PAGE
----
This course is an introduction to the non-structural aspects of language with an emphasis on cultural diversity. Students will develop an appreciation of cultural diversity by studying similarities and differences among languages of the world, 3 from the Indo-European and 3 from the non-Indo-European language families. Topics covered may include, but are not restricted to, language development and language attrition/language death, language classification, typology and universals, language change, meaning in language, writing, the modern world and communication.
Part I: Language
1. What is Language?
Defining language; language and speech; language and society; language and culture
2. Studying Language
The scientific approach to language; anthropological linguistics; linguistic analysis; language, mind and culture; language, discourse and variation
3. The Origin and Evolution of Language
Theories; reconstruction; core vocabularies; language change; primate language experiments
4. Language Levels
Describing language; the phonological level; the morphological level; the syntactic level; the semantic level
Part II: Language and Society
1. Language and Social Phenomena
Language and gender; markedness theory; language and style; naming people; artificial languages
2. Using Language
Conversational devices; speech acts; situational focussing; language functions; language and myth
Writing systems; literacy; abbreviated writing; online communication
Variant types; slang; jargon; borrowing
Part III: Language, Mind and Culture
1. Language and Classification
The Whorfian Hypothesis; specialized vocabularies; made-up languages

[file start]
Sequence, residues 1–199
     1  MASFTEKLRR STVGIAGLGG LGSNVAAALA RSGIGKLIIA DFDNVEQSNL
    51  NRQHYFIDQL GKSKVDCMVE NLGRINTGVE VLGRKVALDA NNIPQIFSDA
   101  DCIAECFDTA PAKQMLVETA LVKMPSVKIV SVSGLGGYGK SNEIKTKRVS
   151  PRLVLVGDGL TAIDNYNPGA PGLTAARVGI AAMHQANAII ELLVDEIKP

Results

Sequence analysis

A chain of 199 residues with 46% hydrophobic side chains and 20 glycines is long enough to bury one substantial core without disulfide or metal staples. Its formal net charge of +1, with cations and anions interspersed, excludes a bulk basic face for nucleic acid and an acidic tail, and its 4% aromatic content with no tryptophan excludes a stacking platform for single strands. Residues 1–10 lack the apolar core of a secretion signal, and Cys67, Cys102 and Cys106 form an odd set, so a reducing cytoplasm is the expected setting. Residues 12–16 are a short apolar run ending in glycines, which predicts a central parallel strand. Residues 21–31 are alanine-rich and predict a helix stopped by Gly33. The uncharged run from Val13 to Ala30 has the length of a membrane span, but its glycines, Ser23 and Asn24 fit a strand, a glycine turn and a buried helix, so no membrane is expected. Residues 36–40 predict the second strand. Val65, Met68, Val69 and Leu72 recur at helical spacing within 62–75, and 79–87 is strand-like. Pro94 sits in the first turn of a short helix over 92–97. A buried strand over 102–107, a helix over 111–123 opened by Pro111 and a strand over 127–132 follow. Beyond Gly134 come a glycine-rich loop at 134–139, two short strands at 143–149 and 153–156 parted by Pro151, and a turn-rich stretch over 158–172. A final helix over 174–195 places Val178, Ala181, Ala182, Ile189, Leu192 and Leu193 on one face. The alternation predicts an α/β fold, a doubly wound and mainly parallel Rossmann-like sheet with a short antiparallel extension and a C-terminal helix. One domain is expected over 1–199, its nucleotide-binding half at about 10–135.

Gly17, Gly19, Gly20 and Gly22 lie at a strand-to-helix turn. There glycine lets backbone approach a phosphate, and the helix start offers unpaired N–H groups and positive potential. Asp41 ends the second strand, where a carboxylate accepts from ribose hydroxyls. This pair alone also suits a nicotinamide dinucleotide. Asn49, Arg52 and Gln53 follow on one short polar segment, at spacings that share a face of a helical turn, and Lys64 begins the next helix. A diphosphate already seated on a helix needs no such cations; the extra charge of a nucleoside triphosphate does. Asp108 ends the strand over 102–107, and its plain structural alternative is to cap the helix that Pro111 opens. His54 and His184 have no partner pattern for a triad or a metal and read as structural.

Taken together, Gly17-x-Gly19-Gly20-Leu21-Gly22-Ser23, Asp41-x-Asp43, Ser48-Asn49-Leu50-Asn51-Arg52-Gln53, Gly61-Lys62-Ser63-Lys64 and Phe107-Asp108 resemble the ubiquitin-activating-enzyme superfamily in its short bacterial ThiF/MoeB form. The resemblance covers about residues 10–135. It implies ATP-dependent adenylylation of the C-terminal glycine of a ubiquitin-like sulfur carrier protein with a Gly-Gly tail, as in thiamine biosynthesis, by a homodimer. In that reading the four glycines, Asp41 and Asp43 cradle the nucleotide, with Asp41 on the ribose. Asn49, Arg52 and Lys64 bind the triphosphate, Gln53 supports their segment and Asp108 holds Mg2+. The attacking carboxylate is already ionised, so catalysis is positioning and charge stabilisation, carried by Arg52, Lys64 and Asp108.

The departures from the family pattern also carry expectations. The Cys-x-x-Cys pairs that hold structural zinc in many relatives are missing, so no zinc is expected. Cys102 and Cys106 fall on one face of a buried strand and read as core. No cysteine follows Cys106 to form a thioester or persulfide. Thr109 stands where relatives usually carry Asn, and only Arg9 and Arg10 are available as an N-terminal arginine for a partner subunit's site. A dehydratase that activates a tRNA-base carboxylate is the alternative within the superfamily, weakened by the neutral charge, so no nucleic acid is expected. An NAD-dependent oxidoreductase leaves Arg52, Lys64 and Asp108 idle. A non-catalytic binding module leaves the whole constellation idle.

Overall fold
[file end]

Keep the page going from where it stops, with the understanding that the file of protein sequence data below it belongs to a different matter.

2. Language and Concepts
Sound symbolism; words and concepts; anthropomorphism; grammar and thought
What is a metaphor?; conceptual metaphors; metonymy and irony; metaphor and gesture; cultural reification
4. Pop Language
What is pop language?; hip talk; hip talk and gender
Methods of Instruction
Lectures, in-class tutorials, group work, group discussion, problem solving, data analysis, short reports by students
Means of Assessment
A typical assessment would include the following elements:
- Attendance/participation/preparation 15%
- Short oral reports as part of in class discussions 25%
- 4 Assignments at 5% each (data analysis) 20%
- 4 exams to a total of 20%
- Portfolio 5% (to accompany the poster, as a way of keeping track of the progress)
- Poster presentation 15% (final work)
(Note: no assignment will be more than 20%)
Students will develop an appreciation of cultural diversity by analyzing a variety of language samples drawn among different languages, Indo-European and non-Indo-European.
By the end of term, the successful student will:
- better understand the role the non-structural parts play in language
- acquire some strategies to analyse and compare language samples
- appreciate cultural diversity and be aware that different cultures may have different linguistic strategies to encode concepts
Course Guidelines for previous years are viewable by selecting the version desired. If you took this course and do not see a listing for the starting semester/year of the course, consider the previous version as the applicable version.
Below shows how this course and its credits transfer within the BC transfer system.
A course is considered university-transferable (UT) if it transfers to at least one of the five research universities in British Columbia: University of British Columbia; University of British Columbia-Okanagan; Simon Fraser University; University of Victoria; and the University of Northern British Columbia.
For more information on transfer visit the BC Transfer Guide and BCCAT websites.
If your course prerequisites indicate that you need an assessment, please see our Assessment page for more information.